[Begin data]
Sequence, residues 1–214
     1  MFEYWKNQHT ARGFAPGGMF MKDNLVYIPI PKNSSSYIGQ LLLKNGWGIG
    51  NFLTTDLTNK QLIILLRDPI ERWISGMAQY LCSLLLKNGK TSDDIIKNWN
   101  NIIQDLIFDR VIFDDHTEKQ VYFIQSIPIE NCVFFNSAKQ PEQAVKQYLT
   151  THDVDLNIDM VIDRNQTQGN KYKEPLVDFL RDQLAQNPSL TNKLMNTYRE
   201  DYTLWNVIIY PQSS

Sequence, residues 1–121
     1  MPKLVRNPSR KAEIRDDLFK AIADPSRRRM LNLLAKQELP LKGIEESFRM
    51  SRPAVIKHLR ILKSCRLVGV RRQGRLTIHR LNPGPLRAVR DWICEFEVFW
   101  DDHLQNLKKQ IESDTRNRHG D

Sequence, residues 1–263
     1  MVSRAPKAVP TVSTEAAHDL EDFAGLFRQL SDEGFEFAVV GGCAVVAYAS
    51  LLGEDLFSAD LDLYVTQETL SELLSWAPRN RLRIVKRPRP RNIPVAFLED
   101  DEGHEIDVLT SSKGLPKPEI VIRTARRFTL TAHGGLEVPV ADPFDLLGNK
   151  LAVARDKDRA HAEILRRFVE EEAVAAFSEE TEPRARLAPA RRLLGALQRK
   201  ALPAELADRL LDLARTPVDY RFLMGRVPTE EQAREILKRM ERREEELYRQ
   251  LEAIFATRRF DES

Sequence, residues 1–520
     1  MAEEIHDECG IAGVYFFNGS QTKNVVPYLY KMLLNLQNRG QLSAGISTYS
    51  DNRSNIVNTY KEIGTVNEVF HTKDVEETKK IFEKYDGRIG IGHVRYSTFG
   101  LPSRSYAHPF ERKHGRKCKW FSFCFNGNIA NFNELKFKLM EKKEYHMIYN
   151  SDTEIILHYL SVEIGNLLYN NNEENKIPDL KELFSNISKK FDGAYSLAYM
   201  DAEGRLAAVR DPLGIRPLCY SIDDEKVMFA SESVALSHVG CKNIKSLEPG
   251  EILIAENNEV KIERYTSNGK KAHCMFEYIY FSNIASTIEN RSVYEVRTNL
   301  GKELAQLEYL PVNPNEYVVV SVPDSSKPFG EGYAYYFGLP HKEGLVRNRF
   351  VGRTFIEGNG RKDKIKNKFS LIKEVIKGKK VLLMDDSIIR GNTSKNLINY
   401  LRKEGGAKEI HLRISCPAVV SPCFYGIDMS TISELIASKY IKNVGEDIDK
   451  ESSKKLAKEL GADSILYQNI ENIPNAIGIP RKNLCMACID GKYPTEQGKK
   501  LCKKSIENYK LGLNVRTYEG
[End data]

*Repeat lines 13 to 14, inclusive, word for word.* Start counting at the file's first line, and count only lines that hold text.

    51  LLGEDLFSAD LDLYVTQETL SELLSWAPRN RLRIVKRPRP RNIPVAFLED
   101  DEGHEIDVLT SSKGLPKPEI VIRTARRFTL TAHGGLEVPV ADPFDLLGNK